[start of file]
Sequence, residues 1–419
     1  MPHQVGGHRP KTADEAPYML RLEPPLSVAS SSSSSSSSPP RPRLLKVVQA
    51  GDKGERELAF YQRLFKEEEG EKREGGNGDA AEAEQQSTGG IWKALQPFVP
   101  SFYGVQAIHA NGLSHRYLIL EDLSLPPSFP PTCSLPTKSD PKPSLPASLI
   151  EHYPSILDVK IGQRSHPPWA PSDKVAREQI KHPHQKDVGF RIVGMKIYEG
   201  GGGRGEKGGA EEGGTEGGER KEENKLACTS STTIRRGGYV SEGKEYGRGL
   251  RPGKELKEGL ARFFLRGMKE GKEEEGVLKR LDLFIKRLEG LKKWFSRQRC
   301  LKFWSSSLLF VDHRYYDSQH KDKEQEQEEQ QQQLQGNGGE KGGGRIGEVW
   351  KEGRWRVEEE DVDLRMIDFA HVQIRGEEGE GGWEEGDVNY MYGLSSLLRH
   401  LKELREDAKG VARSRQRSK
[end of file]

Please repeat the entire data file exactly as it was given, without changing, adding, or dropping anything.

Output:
Sequence, residues 1–419
     1  MPHQVGGHRP KTADEAPYML RLEPPLSVAS SSSSSSSSPP RPRLLKVVQA
    51  GDKGERELAF YQRLFKEEEG EKREGGNGDA AEAEQQSTGG IWKALQPFVP
   101  SFYGVQAIHA NGLSHRYLIL EDLSLPPSFP PTCSLPTKSD PKPSLPASLI
   151  EHYPSILDVK IGQRSHPPWA PSDKVAREQI KHPHQKDVGF RIVGMKIYEG
   201  GGGRGEKGGA EEGGTEGGER KEENKLACTS STTIRRGGYV SEGKEYGRGL
   251  RPGKELKEGL ARFFLRGMKE GKEEEGVLKR LDLFIKRLEG LKKWFSRQRC
   301  LKFWSSSLLF VDHRYYDSQH KDKEQEQEEQ QQQLQGNGGE KGGGRIGEVW
   351  KEGRWRVEEE DVDLRMIDFA HVQIRGEEGE GGWEEGDVNY MYGLSSLLRH
   401  LKELREDAKG VARSRQRSK